Impact of HIV Coinfection in Persons with Chronic Hepatitis C Infection: In the United States, approximately 5 to 10 percent of patients with chronic hepatitis C (HCV) infection are coinfected with HIV. Coinfection with HIV accelerates the progression of hepatic fibrosis and results in a more aggressive course of liver disease (Figure 1). Cirrhosis has been observed to occur 12 to 16 years earlier in those coinfected with HCV and HIV compared with those who have HCV monoinfection. For HIV-infected patients with HCV coinfection, liver-related morbidity and mortality is a prominent non-AIDS-defining complication—up to 90% of liver-related deaths in HIV-infected patients are attributable to HCV. Unfortunately, patients coinfected with HCV and HIV have decreased access to liver transplantation compared with HCV monoinfected patients. For all of these reasons, treatment of HCV in this patient population should have a high priority. Historically, treatment of HCV in patients coinfected with HIV had limited uptake, largely due to a low response rate with interferon-based therapy, a high rate of adverse effects, concerns for interactions with antiretroviral medications, and high prevalence of comorbidities, such as psychiatric conditions and chemical dependency. The recent availability of highly effective all-oral HCV regimens has generated major enthusiasm and interest for the treatment of HCV in persons coinfected with HIV.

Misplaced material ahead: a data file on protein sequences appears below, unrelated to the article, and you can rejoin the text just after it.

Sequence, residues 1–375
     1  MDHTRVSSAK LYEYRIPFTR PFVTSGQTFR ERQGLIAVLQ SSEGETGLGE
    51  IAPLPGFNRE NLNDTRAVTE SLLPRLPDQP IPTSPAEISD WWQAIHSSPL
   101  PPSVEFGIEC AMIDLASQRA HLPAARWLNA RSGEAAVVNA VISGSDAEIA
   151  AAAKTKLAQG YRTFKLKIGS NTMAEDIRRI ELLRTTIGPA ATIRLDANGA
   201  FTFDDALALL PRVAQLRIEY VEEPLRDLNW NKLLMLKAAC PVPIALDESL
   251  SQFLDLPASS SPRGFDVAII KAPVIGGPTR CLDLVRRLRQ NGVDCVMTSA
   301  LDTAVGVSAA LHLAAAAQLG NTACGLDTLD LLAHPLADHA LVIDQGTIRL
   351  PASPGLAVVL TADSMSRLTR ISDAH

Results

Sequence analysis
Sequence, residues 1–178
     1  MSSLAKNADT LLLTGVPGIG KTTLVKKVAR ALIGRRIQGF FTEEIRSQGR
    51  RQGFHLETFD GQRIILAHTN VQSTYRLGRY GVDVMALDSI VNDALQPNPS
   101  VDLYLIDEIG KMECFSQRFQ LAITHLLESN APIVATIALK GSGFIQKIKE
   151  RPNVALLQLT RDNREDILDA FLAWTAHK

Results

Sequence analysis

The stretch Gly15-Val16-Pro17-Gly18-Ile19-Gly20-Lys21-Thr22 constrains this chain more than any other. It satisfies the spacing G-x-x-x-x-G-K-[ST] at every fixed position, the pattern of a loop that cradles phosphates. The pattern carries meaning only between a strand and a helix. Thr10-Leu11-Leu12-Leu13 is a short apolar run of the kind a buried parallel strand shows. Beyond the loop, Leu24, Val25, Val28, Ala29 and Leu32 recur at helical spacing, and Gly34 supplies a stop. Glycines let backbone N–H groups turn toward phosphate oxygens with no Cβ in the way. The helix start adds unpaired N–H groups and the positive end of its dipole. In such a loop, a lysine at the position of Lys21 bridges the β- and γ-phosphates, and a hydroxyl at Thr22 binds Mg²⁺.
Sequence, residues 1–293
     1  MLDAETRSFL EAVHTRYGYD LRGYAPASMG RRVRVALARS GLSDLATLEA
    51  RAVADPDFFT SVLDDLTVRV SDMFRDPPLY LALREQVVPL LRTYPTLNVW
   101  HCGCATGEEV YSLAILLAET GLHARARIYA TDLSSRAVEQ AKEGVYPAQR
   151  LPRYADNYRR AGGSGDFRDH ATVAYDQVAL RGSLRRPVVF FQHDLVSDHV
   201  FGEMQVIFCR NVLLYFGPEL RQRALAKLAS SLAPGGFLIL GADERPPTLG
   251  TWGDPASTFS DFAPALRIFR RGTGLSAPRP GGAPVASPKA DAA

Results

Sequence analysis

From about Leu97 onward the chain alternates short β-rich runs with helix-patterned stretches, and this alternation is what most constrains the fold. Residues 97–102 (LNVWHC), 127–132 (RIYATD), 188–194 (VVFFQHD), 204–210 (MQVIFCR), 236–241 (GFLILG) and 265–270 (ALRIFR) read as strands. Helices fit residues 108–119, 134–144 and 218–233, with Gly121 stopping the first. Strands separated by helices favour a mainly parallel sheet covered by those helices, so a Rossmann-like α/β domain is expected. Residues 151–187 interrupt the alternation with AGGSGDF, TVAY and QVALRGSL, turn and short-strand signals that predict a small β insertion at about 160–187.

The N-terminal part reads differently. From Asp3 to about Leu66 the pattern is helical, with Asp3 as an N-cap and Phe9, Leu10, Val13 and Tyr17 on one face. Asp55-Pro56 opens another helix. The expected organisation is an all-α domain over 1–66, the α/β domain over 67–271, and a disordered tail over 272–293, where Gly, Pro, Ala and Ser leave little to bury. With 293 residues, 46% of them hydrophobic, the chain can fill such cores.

Historic Approach to Treatment: For patients coinfected with HCV and HIV, initial trials with interferon monotherapy or dual therapy with standard interferon plus ribavirin were associated with very low SVR rates and significant toxicity. Response rates were higher with peginterferon and ribavirin in coinfected patients, but still suboptimal, as summarized in a table format (Figure 2) and a graph illustration (Figure 3). The peginterferon and ribavirin combination regimen had particularly low SVR rates among those with genotype 1 HCV (typically less than 30%). Further, the SVR rates with peginterferon and ribavirin was 15 to 25% lower in coinfected patients than in HCV monoinfected patients. In 2011, the addition of a first-generation HCV protease inhibitor (telaprevir or boceprevir) to peginterferon and ribavirin improved SVR rates with GT1 to approximately 60% and narrowed the gap in treatment response between coinfected and monoinfected patients to approximately 15%. This triple therapy regimen, however, proved to be quite complex and challenging due to interactions with antiretroviral medications, greater pill burden, food requirements, and additional adverse effects. With the advent of all-oral regimens that include new direct acting antiviral agents (DAAs) that are safe, highly effective, and have fewer drug interactions, the older regimens of peginterferon and ribavirin or peginterferon and ribavirin plus a first-generation protease inhibitor are no longer recommended for treatment of HCV in coinfected patients.